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by Kari Molvar, Forbes.com
Switching jobs is tricky at any time--but it's especially tough in a strained economy. With the unemployment rate hovering at around 9.7%, the competition to find any job is challenging, let alone a job in a new field.
For many people, starting fresh in a new career wasn't a voluntary decision. Those working in hard-hit sectors like finance, manufacturing, retail, and publishing have been forced out of positions that may never return. Leaner companies have figured out that they can operate with less headcount, making hiring less likely than ever. Forced-out employees may have to find not only a new job but also a new career.
More Job Seekers Are Moving to New Fields
Recent research indicates job transference is a developing workplace trend. A new survey from CareerBuilder.com found that just over half of laid-off workers landed new jobs in fields different from where they were previously employed--that's up from 38% in 2009. But just because switching is more common, it doesn't make it any easier. In fact, middle managers or those who have reached a high level in the corporate world might find it particularly difficult to leap to a new lily pad.
"Traditionally, there are fewer managers and executive positions the higher up you look in any given company," explains Dionna Keels, a senior corporate recruiter based in Atlanta. Even if you're OK with taking a step back in title and responsibilities, don't expect prospective bosses to feel the same way.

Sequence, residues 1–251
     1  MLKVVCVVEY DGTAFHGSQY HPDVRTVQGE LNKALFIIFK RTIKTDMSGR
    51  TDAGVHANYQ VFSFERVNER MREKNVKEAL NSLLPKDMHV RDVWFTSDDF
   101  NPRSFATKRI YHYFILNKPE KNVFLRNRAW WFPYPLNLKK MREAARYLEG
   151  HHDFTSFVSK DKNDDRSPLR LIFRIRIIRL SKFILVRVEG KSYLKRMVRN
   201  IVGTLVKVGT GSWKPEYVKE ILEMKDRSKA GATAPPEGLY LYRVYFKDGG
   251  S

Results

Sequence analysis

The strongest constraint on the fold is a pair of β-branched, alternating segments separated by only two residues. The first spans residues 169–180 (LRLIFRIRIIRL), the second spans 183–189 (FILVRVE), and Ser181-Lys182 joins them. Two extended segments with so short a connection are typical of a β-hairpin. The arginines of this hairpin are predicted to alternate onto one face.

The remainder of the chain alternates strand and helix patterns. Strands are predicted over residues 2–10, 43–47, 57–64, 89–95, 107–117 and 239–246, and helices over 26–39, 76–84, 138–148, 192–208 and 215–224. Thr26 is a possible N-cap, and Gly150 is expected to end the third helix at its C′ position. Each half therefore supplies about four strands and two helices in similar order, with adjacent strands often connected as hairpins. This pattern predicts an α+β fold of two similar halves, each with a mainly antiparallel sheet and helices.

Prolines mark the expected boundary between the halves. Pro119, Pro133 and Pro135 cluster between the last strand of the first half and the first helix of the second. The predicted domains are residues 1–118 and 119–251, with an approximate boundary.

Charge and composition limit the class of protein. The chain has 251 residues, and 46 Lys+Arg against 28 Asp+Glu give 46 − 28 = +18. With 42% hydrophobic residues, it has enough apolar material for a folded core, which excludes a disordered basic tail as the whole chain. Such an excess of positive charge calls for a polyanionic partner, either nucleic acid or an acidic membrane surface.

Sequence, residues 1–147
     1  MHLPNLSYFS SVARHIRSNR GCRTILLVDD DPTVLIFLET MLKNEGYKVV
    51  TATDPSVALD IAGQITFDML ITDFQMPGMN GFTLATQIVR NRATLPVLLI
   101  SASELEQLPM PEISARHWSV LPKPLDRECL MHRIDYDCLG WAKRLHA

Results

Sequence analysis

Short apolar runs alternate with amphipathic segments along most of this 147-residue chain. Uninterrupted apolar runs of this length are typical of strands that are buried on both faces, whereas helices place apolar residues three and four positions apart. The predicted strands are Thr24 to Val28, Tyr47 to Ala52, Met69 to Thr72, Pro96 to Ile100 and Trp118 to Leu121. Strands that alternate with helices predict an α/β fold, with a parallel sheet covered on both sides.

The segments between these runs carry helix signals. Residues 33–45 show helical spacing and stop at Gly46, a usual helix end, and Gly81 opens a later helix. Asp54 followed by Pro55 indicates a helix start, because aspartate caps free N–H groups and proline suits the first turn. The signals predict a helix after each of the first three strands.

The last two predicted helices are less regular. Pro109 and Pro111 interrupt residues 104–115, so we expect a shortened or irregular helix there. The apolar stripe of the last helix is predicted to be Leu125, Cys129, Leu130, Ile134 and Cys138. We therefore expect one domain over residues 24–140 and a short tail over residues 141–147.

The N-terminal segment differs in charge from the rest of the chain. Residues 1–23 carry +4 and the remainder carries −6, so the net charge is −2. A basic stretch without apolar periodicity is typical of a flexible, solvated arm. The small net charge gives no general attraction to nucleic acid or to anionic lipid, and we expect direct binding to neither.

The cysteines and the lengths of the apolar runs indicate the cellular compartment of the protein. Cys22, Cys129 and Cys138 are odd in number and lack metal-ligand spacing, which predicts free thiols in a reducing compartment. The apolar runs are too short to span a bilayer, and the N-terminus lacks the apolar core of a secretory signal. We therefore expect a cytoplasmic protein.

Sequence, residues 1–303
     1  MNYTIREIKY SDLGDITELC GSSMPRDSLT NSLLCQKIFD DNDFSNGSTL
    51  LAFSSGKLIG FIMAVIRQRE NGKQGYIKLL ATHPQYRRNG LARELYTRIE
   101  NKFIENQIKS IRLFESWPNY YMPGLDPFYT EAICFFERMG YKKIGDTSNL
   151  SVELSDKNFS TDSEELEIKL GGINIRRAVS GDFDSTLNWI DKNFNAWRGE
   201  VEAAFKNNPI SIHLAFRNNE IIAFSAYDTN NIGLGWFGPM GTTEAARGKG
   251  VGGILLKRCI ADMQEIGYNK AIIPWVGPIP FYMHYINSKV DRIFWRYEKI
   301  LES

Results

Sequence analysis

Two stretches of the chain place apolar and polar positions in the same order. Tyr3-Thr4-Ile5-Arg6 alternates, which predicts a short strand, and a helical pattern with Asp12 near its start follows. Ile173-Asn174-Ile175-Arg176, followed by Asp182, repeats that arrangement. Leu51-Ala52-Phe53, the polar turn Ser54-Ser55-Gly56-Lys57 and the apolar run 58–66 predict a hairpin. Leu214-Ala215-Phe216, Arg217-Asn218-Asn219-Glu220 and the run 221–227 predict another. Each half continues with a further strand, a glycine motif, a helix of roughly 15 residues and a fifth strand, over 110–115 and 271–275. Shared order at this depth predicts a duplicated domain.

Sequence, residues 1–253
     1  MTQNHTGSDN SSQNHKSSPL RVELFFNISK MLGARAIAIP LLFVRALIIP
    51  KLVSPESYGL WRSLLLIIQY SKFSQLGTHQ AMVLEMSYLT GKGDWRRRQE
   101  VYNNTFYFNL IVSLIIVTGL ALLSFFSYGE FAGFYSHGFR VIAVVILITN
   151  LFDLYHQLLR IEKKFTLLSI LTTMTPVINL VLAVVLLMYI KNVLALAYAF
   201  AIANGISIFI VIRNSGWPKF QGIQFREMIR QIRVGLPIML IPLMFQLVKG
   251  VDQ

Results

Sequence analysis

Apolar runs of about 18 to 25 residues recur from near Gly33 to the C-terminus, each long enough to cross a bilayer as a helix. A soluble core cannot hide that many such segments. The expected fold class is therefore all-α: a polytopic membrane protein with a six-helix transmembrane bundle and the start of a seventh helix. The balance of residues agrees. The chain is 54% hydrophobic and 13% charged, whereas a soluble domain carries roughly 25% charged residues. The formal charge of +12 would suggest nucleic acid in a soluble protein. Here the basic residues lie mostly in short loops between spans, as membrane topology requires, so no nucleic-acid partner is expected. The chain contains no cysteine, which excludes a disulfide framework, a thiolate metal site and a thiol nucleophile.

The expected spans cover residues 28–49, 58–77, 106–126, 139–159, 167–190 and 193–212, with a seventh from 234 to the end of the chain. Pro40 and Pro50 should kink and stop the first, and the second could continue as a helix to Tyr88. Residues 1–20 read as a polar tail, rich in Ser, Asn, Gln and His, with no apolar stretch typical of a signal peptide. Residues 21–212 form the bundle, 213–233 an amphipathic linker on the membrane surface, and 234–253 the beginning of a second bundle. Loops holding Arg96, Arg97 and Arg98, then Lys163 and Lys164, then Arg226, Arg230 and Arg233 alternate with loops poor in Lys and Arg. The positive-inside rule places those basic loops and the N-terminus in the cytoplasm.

Being over-qualified can work against you, too. "The thinking is that you'll leave as soon as the economy gets better, so there's little incentive to hire that candidate," explains Keels. "Employers want people who show long-term growth potential, not someone who might feel restless and unfulfilled after a few months."
So what can you do to market yourself successfully across job fields?
It's Survival of the Fittest
You'll need to start by thinking aggressively. "It's a buyer's market for employers," says Melanie Holmes, vice president of work solutions for Manpower. Keels agrees, offering a case in point. "I posted a job on a Friday afternoon and by Monday morning I had 500 applicants," she says. "That's about four times what it would have been in years past. Employers know they can be picky since they have so many candidates to choose from."
In the end, it really comes down to a survival of the fittest, which means you'll need to be primed to conquer the job market. Click here to see our eight crucial tips on how to land the interview--and hopefully the job.